RB Leipzig
Zenit St Petersburg
9:55 AM UTC
Game Details
Ajax Amsterdam
9:55 AM UTC
Game Details
FC Salzburg
12:00 PM UTC
Game Details
Racing Genk
12:00 PM UTC
Game Details
Borussia Dortmund
12:00 PM UTC
Game Details
Slavia Prague
12:00 PM UTC
Game Details
12:00 PM UTC
Game Details
12:00 PM UTC
Game Details

2022 World Cup: How qualifying works around the world

Qualifying for the 2022 World Cup began on June 6, 2019, when minor nations from the Asian confederation played their first round of matches. Mongolia's Norjmoogiin Tsedenbal scored the very first goal in qualifying in a 2-0 win over Brunei Darussalam.

For the 2018 World Cup, FIFA held a gala for the preliminary round draw of all confederations. However, this will not happen for the 2022 tournament. 

A FIFA spoksperson told ESPN: "Given the fact that the FIFA World Cup 2022 will take place in November-December and that each confederation plans a different timeline for their qualifiers to the tournament, it has been agreed that a preliminary draw will be held separately for each one of them.

"Discussions involving the other confederations and the draws for their preliminary competitions are currently ongoing. Further details will follow in due course."

FIFA has abandoned plans to expand the 2022 World Cup to 48 teams, and will continue with a 32-team competition. 


• European qualifying home page

Qualifying will begin March 2021, with the next edition of the UEFA Nations League scheduled for September to November in 2020.

There will be 55 European nations to go through qualifying, who will be split into 10 groups. Group winners will go direct to the finals. At present there is no date for the qualifying draw, though seeding will likely be based on FIFA's World Ranking.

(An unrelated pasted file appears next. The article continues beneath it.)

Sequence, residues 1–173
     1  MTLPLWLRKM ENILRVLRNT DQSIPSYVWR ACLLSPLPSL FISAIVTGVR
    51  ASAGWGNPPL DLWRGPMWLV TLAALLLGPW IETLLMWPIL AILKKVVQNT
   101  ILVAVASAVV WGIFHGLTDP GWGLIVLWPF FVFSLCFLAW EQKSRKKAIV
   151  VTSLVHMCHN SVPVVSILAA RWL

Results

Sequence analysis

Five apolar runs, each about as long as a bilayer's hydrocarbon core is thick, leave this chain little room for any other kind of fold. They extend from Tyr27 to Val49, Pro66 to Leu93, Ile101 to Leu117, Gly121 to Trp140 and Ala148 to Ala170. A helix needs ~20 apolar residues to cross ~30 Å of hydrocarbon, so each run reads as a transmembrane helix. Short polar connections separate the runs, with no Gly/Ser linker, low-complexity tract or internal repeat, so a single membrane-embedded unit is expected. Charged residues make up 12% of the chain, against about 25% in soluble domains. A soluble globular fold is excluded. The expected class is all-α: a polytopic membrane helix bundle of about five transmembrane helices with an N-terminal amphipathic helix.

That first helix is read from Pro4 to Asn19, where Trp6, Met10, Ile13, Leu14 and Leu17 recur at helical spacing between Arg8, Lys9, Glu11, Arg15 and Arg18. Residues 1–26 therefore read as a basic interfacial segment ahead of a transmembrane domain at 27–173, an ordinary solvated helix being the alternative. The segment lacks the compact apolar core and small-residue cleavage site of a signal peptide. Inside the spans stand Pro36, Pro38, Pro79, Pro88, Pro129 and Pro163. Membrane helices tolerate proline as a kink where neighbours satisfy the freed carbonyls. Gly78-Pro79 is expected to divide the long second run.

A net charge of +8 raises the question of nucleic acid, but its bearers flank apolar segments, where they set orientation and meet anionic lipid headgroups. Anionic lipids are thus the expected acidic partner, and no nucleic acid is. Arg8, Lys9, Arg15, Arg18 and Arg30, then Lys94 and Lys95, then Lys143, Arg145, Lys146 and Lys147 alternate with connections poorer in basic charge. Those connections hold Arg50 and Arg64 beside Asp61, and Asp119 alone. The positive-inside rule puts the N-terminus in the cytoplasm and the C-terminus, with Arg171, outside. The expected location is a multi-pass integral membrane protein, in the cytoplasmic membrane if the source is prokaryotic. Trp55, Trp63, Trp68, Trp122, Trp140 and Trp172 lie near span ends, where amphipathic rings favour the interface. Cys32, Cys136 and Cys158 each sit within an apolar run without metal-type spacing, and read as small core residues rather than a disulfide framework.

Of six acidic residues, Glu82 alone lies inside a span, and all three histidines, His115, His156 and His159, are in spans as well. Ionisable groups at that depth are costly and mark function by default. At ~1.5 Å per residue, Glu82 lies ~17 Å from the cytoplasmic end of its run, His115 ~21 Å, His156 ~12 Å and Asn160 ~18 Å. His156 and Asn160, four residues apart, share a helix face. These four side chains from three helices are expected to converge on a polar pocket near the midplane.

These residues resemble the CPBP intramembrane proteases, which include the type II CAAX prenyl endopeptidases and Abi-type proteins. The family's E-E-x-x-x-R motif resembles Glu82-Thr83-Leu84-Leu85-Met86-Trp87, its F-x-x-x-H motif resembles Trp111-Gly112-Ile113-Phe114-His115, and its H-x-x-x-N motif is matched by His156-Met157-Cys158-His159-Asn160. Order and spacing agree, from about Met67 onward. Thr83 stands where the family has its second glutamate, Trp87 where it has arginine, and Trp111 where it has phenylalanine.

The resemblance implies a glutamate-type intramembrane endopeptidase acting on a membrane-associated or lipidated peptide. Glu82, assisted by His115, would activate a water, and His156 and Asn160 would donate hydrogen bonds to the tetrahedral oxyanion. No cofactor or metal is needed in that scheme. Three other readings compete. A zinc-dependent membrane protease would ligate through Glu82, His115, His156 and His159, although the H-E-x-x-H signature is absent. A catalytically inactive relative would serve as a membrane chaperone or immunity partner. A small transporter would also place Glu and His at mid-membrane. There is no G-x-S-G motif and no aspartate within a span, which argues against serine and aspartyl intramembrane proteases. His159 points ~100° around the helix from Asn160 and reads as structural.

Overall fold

UEFA will decide shortly how it forms the playoffs, though a 12-nation format with two knockout stages has been suggested. This would see the 10 group runners-up joined by two teams from the Nations League ranking.


• South American qualifying home page

As in recent qualifying competitions, all 10 nations play each other home and away. The top four nations qualify directly to the finals. The fifth-place team will go into an intercontinental playoff (draw to be determined).

Qualifying begins in March 2020 but as yet no fixtures have been confirmed.


• CONCACAF qualifying home page

CONCACAF has 35 FIFA-affiliated nations, most of them very minor in world football. 

A revamped qualification process has been confirmed for the 2022 edition, which will begin in September 2020 and run to September 2021. 

The top six teams in the FIFA World Ranking after the June 2020 international window will automatically form the home-and-away Hexagonal, which is the final round of qualifying. In previous qualifying tournaments, these six nations would also need to go through the initial multi-group phase. It means that United States, Mexico and Costa Rica are effectively guaranteed a place in the Hexagonal -- but the chances of any of these teams not making it through earlier qualifying rounds would be extremely slim anyway.

The top three nations in the Hexagonal will automatically qualify for the World Cup.